Driven by profit, not the truth
The author is the deputy industry 1 team editor of the JoongAng Ilbo.
When Gutenberg’s printing press became available, the Catholic Church in Rome was worried. As it was the exclusive right of the church to read and interpret the Bible, the development of printing technology allowed Bibles to be written and spread in many languages, not just Latin.
Even religious reformists were concerned that the authority of the church would fall and intellect of the general public would increase. German religious reform visionary Johann Geiler said that giving a bible to ordinary people was like “giving a child a knife to cut bread for themselves.” Geiler believed that the monopoly of knowledge should be broken, but he was worried of a flood of knowledge.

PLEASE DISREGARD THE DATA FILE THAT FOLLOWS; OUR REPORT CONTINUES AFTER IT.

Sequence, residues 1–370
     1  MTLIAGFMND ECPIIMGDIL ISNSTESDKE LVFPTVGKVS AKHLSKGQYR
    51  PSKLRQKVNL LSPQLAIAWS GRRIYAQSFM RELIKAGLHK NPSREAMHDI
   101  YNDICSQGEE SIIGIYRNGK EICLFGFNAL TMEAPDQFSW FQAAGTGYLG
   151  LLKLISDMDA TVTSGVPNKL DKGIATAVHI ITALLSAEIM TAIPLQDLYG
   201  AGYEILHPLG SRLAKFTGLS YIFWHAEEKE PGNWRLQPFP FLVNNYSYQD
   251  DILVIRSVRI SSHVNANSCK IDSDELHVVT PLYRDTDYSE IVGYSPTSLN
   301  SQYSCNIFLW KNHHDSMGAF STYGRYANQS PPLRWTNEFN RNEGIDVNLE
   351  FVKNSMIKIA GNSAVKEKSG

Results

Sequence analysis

The development of YouTube is similar to Gutenberg’s printing press. YouTube creators have replaced the role of media giants to spread news and knowledge. More and more, people young and old are gaining knowledge from YouTube instead of turning to traditional media.
Traditional media has not only lost authority but has also become the target of criticism. “Knowledge democratization” made a leap with one-person media, but there are adverse side effects as well, most especially when it comes to bias. Some say that one-person media is similar to a one-sided baseball broadcast.
People argue that authority is not only broken but also removed. The public wants to see what they want to see and believes what they want to believe. Forbes analyzed that YouTube creators produce fake news because they are in pursuit of profit from advertising regardless of their ideological stance.
The rise of YouTube creators owes to the original sin of conventional media. But if what they are creating is fake news, we have to be wary of the harm. In the age of no authority, what we need is the public judgment to distinguish right from wrong.